his last album - you want it darker

In 1988, Cohen released I'm Your Man, which marked a dramatic change in his music with the use of synthesizers and “included more social commentary and dark humor”. In 1992, Cohen released The Future, the lyrics on the The Future were dark, and made references to political and social unrest. In 1993 Cohen also published his book of selected poems and songs, Stranger Music: Selected Poems and Songs. In 1997, Cohen oversaw the selection and release of More Best of Leonard Cohen.

After a period away, Cohen returned to music in 2001 with the release of Ten New Songs, with help from producer and co-composer Sharon Robinson. In October 2004, Cohen released Dear Heather, a musical collaboration with Anjani Thomas and Sharon Robinson. Blue Alert, an album of songs co-written by Anjani and Cohen, was released on 23 May 2006 Sung by Anjani, who according to one reviewer "...sounds like Cohen reincarnated as woman...though Cohen doesn't sing a note on the album, his voice permeates it like smoke."

Leonard Cohen's 12th studio album, Old Ideas, was released worldwide on 31 January 2012.  His last album was You Want it Darker.

So, there we have his musical and poetry output in a nutshell. But this says nothing of the man or where he got his inspiration from.

Marianne Ihlen with her baby son Axel [from a previous marriage] are pictured with Leonard Cohen in Greece in 1960

Life

His songs are the story of his life. Recurring themes in Cohen's work include love, sex, spirituality, betrayal, sex, love, guilt, redemption, sex, love, depression, sex, love, mortality, desire, sex, love, justice, more sex and music itself. So his inspiration is as one would expect from a life this complex.

The New Yorker – October 17, 2016  Leonard Cohen Makes It Darker By David Remnick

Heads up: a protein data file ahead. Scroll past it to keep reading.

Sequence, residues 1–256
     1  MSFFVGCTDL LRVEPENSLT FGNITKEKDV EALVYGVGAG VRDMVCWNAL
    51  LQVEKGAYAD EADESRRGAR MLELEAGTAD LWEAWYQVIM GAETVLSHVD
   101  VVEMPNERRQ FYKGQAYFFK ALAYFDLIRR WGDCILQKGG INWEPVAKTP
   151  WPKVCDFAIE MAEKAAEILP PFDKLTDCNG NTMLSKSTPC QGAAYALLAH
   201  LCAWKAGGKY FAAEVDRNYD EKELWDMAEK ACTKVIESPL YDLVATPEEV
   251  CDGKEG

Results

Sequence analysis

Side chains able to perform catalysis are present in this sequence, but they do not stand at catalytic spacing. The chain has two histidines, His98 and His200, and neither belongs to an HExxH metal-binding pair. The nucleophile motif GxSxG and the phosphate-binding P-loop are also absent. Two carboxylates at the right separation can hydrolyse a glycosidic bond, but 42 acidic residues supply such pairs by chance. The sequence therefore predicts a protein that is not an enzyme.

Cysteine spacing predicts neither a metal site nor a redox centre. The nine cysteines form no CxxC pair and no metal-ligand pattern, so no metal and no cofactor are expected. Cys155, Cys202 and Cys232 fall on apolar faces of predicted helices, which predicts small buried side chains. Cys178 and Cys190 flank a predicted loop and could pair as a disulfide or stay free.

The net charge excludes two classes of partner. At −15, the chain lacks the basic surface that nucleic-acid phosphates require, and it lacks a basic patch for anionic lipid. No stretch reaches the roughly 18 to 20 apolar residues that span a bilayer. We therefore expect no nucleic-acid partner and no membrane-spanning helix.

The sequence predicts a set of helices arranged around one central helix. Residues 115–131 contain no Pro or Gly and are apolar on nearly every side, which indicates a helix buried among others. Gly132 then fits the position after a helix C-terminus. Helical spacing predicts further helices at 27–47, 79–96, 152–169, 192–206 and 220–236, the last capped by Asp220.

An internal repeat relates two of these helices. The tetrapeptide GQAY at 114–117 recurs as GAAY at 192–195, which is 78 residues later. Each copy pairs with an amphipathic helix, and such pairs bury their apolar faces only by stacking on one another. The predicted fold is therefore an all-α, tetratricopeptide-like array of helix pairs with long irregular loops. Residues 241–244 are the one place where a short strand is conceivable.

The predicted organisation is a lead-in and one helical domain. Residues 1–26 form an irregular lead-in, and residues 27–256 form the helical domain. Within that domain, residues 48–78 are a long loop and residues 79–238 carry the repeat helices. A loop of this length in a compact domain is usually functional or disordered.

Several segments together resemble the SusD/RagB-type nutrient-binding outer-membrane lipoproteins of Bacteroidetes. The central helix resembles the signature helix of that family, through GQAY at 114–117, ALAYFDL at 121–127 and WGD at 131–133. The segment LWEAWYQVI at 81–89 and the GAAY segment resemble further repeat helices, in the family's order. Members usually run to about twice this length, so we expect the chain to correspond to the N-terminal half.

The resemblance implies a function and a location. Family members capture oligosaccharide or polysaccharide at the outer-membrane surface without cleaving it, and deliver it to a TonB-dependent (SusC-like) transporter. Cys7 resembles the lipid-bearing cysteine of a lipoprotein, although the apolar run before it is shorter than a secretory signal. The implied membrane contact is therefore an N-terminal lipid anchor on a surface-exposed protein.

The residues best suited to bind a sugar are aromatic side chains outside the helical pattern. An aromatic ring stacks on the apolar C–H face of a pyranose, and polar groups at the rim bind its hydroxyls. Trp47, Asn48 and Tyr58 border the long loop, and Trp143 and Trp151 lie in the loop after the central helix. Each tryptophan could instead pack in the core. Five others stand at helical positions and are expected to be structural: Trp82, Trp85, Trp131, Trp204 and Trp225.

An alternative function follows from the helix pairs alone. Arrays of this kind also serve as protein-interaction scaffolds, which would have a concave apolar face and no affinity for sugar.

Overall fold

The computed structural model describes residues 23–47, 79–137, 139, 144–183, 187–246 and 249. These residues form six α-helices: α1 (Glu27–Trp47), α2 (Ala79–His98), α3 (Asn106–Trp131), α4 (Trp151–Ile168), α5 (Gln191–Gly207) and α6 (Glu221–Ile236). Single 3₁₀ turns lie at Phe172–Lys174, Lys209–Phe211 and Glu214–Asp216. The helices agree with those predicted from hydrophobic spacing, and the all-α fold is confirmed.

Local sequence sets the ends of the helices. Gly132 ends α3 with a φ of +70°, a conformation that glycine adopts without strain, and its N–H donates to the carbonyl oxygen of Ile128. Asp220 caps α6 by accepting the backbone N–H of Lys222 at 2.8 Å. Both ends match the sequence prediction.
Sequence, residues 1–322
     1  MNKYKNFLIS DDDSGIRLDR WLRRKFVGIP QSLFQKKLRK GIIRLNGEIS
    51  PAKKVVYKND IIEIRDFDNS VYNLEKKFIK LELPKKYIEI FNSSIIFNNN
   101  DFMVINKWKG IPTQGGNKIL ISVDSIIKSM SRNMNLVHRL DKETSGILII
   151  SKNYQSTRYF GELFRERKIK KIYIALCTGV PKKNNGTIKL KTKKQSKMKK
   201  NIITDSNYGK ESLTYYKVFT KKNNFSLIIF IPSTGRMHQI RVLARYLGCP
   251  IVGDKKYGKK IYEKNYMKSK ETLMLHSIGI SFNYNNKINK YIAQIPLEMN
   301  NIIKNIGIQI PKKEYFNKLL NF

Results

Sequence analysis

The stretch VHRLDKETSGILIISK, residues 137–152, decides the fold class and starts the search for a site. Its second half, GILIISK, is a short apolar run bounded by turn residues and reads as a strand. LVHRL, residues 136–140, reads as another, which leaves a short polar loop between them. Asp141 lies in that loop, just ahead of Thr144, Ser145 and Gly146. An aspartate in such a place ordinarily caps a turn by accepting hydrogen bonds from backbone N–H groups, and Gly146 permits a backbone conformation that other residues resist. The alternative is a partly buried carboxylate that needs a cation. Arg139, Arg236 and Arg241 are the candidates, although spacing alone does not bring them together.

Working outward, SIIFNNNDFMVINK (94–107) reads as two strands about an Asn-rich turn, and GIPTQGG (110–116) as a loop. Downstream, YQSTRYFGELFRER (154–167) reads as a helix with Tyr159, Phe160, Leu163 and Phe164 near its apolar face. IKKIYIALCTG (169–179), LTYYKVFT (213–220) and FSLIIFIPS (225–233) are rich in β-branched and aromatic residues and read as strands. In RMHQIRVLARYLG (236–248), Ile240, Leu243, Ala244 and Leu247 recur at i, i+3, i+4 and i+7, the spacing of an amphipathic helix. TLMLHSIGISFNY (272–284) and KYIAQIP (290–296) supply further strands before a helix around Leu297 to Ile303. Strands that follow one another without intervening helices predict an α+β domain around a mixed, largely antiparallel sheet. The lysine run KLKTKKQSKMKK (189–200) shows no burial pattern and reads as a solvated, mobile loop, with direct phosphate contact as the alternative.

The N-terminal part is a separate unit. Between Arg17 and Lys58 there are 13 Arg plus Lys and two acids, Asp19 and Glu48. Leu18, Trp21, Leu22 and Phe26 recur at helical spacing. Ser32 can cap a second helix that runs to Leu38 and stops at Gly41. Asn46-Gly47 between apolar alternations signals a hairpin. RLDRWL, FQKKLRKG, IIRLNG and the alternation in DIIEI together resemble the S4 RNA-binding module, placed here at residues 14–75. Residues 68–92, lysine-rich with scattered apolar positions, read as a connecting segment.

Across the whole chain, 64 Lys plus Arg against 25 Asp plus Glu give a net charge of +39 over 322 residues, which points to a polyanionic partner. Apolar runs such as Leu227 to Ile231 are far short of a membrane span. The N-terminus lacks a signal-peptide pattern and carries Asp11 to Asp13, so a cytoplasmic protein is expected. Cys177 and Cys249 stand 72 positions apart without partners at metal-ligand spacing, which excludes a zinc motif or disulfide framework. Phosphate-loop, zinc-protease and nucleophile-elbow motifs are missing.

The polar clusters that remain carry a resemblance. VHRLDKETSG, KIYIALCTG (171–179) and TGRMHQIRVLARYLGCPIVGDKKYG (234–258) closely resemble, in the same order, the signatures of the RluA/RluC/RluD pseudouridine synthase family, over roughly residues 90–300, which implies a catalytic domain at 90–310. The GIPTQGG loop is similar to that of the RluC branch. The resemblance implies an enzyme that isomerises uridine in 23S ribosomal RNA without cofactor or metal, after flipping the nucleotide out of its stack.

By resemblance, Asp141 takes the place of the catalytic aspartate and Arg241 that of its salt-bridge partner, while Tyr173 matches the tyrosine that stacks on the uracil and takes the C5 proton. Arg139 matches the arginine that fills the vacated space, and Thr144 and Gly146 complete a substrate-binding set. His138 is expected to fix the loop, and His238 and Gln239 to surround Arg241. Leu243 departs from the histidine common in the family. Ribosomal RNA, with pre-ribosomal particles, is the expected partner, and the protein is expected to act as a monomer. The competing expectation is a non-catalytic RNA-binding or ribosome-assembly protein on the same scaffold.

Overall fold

Cohen had known some success with women. He would know a great deal more. For a troubadour of sadness—“the godfather of gloom,” he was later called—Cohen found frequent respite in the arms of others. As a young man, he had a kind of Michael Corleone Before the Fall look, sloe-eyed, dark, a little hunched, but high courtesy and verbal fluency were his charm. When he was thirteen, he read a book on hypnotism. He tried out his new discipline on the family housekeeper, and she took off her clothes. Not everyone over the years was quite as bewitched. Nico spurned him, and Joni Mitchell, who had once been his lover, remained a friend but dismissed him as a “boudoir poet.” But these were the exceptions….
“Good gracious. All the girls were panting for him,” Marianne [Ihlen] recalled. “I would dare go as far as to say that I was on the verge of killing myself due to it.”

with Susan Elrod, the mother of his two children
Adam and Lorca

He was born in an English-speaking area of Montreal, Quebec, into a middle-class Jewish family. His mother was the daughter of a Talmudic writer, Rabbi Solomon Klonitsky-Kline of Lithuanian Jewish ancestry. His father and grandparents were also deeply involved in the Jewish religion. His Jewish roots were very strong and he himself said "I had a very Messianic childhood." He told Richard Goldstein in 1967, "I was told I was a descendant of Aaron". Aaron used to hear bells and have out of body experiences, so these are good roots to have!

These roots and his underlying spiritual yearnings are possibly the only solid foundation of his life, his spirituality derived from his links with the mystic side of both Judaism and Buddhism. In 1994, Cohen retreated to the Mt. Baldy Zen Center near Los Angeles, beginning what became five years of seclusion at the center. In 1996, he was ordained as a Rinzai Zen Buddhist monk and took the Dharma name Jikan, meaning "silence". He served as personal assistant to Kyozan Joshu Sasaki Roshi. Cohen went way beyond religion and by this time was among the great mystics. In "Who by Fire", for example, the words and melody echo the Unetaneh Tokef, an 11th-century liturgical poem recited on Rosh Hashana and Yom Kippur. Then there is "Hallelujah," "If It Be Your Will" should be self evident now to those who have read the section on puppets.

Cohen suffered terrible periods of depression during much of his life , which have the effect of [like most people] either completely stifling any creativity or giving it an impetus - a focus. Depression is a left brain phenomenon and needs a jolt to get the right brain working again, after which tremendous creativity can follow [see Rachmaninov]. And this too does seem to be a recurring pattern in his life.  But of course balanced by much love - below his two children Adam and Lorca with Susan